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Late-Nite Jew

Dave Attell peers into the the after-hours world with "Insomniac."

by Naomi Pfefferman

August 30, 2001 | 7:59 pm

Comedian Dave Attell, who just can't sleep.

Comedian Dave Attell, who just can't sleep.

Dave Attell has had his share of adventures on the road -- all after-hours. "I can't sleep," confides the affable New York comic. "I have insomnia. So I do a show, I go out drinking, and I usually don't [meet girls], because I look like Dave Attell, not Dave Matthews."

The scruffy, balding comedian may be the first person ever to turn his health problem into a TV show. In the new "Insomniac With Dave Attell" (Comedy Central, Sundays at 12 a.m.) he prowls city streets to meet people who work and play in the wee hours. He rides with a mortuary pickup service in San Francisco; saddles up with the Federation of Black Cowboys in Brooklyn; schmoozes with garbage workers at a New York waste transfer station and hangs with the caretaker of a bullfighting ring in Tijuana. "I also visit a fortune cookie factory, which is like a love letter to myself because I'm Jewish," he quips.

His cinéma vérité-style show blends two of the hottest trends on TV: reality television and the late-night format -- now emerging as a fierce new battleground among cable channels. E! has "Howard Stern," MTV has the Generation-Y anthology series "Undressed" and Comedy Central has "The Daily Show" (with the very Jewish Jon Stewart) plus its new Sunday late-night block ("The Chris Wylde Show" and "Insomniac").

Though the Nielsen wars promise to be bloody, Attell won't ridicule interviewees to boost ratings. "We're not like Tom Green or 'Jackass,' where they use real people as foils," he insists. Rather, he sees "Insomniac" as an alternative to beautiful-people travelogues, such as E! Network's "Wild On."

"If you're a hot model and you go to the Bahamas, you're probably going to have a good time," he says. "But if you're Joe Schmo and you live in Pittsburgh, there's got to be something for you to do at night, too."

Attell, 36, who grew up Reform in Rockville Center, N.Y., believes he turned to comedy for the same reason as other Gen-X Jews: "I wasn't smart or popular or good at sports," he says. "I kind of had the odd look."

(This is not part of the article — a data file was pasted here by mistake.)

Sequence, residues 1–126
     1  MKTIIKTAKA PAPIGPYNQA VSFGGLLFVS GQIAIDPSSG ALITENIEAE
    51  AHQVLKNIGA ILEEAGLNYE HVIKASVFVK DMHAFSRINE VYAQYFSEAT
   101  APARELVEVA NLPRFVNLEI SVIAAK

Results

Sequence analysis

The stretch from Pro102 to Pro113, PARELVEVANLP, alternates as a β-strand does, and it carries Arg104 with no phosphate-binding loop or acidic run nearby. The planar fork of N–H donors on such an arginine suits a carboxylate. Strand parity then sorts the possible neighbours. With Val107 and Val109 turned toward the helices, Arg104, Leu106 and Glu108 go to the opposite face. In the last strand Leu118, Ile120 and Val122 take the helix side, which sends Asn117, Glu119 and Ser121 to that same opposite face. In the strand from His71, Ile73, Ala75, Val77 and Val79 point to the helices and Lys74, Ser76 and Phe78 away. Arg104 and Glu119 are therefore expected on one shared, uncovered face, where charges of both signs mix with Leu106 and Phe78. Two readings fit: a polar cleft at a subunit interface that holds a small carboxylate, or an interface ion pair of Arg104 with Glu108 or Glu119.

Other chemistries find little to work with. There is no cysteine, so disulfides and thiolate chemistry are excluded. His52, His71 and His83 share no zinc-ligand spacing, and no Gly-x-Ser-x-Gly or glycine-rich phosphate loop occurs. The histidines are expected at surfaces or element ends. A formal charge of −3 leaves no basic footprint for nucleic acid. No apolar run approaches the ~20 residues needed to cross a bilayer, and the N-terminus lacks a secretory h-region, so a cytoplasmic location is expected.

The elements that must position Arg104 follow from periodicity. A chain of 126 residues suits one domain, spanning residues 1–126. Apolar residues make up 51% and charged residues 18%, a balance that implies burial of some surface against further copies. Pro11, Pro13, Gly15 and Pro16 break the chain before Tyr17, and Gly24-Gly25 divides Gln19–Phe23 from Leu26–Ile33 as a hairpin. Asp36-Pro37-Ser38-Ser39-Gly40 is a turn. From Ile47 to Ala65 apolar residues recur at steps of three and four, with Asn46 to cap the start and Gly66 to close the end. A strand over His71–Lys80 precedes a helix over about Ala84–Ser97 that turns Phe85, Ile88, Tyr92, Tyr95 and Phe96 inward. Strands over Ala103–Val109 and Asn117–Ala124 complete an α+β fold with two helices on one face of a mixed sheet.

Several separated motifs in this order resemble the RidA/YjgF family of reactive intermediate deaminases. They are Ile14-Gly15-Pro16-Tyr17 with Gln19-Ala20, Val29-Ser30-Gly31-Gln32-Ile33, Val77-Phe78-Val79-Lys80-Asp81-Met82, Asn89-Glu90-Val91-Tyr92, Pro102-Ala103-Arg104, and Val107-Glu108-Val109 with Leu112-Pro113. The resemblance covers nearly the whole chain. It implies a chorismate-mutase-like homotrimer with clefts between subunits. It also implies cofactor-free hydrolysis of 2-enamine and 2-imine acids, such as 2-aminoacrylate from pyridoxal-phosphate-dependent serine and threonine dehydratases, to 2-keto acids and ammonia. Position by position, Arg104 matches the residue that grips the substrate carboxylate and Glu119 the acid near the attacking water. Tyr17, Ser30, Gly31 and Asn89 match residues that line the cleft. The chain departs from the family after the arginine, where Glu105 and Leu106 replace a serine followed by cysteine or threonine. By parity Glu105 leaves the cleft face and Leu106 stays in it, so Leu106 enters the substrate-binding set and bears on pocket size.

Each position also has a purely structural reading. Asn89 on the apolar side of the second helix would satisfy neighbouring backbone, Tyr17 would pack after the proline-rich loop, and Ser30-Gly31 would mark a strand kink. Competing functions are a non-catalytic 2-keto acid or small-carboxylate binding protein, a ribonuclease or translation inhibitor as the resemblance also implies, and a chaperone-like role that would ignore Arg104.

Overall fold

Self-deprecation was the core of his act when he began working open mike nights in the 1980s. "Jews are the chosen people," he quipped of his nonathletic high school years. "Except in gym class, where we're the last-chosen people."

Of his nonexistent love life, he whined, "Hitler had a girlfriend. I don't have one. Is that fair?"

By the late 1990s, Attell was a fixture on "Conan" and "Letterman" and had taped his own half-hour special for HBO; The New York Times Magazine named him one of 30 artists to watch; and he is nominated for a 2001 American Comedy Award in the viewer's choice stand-up comic category.

Along the way, he clocked 30 weeks a year on the road, where occupational hazards included anti-Semitic slurs and the occasional Ku Klux Klan march. The encounters inspired Attell to write a joke: "Why do racist groups still have meetings? Do they have new business to discuss? Like, 'I went away on vacation, I'm really tan, so should I start hating myself?' "

"Insomniac" has its own share of occupational hazards, including street brawls, unruly drunks -- and worse. "Our guide in Tijuana says, 'If you see someone wearing a hood, watch out,'" he recalls. "I go, 'What are they, hit men for the mob? And he says, 'No, they have leprosy.'"

In New Orleans, another occupational hazard proved to be Attell's guilty conscience. "After I participated in a voodoo cleansing ritual, I felt like I'd broken my religion," he says. "That's when I knew, 'The Hebrew school has paid off.'"

Now the assimilated Jewish comic says he wants to talk to a rabbi, maybe even go to temple. "Jewish ritual really helped me when my dad passed away two years ago," he explains. "I think it can really help with the tough things in life."

On upcoming episodes of "Insomniac," Attell hopes to ride with a Chassidic ambulance service, perhaps even visit a dreidel factory, among other endeavors. If the show goes international, he'd love to tape a segment in Israel. "Then I can find the lost tribes," he says, laughing.

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